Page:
I have been planning a series of blog posts to share studies of design, light,… you know, those fundamental subjects that you will always be learning and relearning. Each month I post something else in their place because I am never sure if this would be something a reader would enjoy... Well, this month, I decided everyone might benefit from a study (or refresher) in composition. It seems like everyone is taking photos in some form these days, so why not know the “rules”.
Last month we reviewed the Rule of Thirds. Did you have an opportunity to take the Rule of Thirds out on a test drive - or photo shoot as the case may be? Are you ready to try another composition? Well, how about exploring Symmetry?
Here is where things get a little wonky - that’s technical jargon for, I’m about to contradict myself. Last month, do you remember how I said NOT to put subjects in the center of your composition - dead center is dead wrong, and all of that? Well, this month I’m here to tell you that Symmetry is a centered, balanced composition. Think of a line dissecting your image (line of symmetry) and on each side of the line, the image is the same. Think of reflections in water, architecture, roads, paths… those are all good candidates to be composed symmetrically and therefore, centered. Another situation in which a centered subject is appropriate on the less formal, square format canvas/crop.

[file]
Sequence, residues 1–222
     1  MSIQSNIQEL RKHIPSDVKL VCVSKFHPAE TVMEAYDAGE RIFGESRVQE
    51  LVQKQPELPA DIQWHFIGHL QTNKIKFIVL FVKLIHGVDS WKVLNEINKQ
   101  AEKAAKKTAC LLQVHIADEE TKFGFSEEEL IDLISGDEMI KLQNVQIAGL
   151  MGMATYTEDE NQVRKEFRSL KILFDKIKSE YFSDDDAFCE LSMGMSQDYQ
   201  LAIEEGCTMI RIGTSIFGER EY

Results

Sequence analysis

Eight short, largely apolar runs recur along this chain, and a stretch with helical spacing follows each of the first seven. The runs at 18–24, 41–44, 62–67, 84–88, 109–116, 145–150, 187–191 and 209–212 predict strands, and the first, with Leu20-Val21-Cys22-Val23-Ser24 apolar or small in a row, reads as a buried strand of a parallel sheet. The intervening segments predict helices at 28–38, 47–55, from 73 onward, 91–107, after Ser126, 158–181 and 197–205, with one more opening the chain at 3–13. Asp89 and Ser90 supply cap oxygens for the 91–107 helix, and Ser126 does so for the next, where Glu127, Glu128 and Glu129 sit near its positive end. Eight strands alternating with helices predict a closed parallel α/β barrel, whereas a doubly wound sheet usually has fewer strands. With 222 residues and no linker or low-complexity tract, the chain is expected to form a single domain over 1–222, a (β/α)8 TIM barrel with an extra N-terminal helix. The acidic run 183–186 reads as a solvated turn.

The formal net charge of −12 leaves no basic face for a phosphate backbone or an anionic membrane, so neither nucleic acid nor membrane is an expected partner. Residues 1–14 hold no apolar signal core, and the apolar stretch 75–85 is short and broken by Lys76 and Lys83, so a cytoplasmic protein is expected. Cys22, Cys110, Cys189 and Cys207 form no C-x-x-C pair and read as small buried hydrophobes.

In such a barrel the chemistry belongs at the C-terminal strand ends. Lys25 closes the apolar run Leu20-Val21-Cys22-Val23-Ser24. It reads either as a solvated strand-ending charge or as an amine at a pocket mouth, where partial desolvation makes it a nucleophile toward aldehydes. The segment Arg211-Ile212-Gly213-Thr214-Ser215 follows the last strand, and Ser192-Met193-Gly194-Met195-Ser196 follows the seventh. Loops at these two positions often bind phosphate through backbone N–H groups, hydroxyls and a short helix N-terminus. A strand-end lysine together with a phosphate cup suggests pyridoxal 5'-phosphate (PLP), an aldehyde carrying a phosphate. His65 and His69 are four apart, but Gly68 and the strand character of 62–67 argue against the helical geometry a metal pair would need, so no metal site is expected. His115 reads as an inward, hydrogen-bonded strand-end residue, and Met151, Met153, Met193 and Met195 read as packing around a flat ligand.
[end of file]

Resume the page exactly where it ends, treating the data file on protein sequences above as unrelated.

Here is an example using an image of Multnomah Falls in Oregon (...okay, Multnomah Falls is too beautiful to only share it with an ugly line of symmetry, so I included one without):
Symmetrical compositions can be very harmonious, but they can also be static. I’m not saying that is good or bad. No judgment here. But, be aware that symmetry does not work all of the time, so tread cautiously. Having said that, here is the great part about creating: you are driving the creative bus. You decide what you want your image to look like, what you are trying to say with your image, what looks good to you… Test it out for yourself. I think you will see when to use symmetry, and don’t forget to share your results.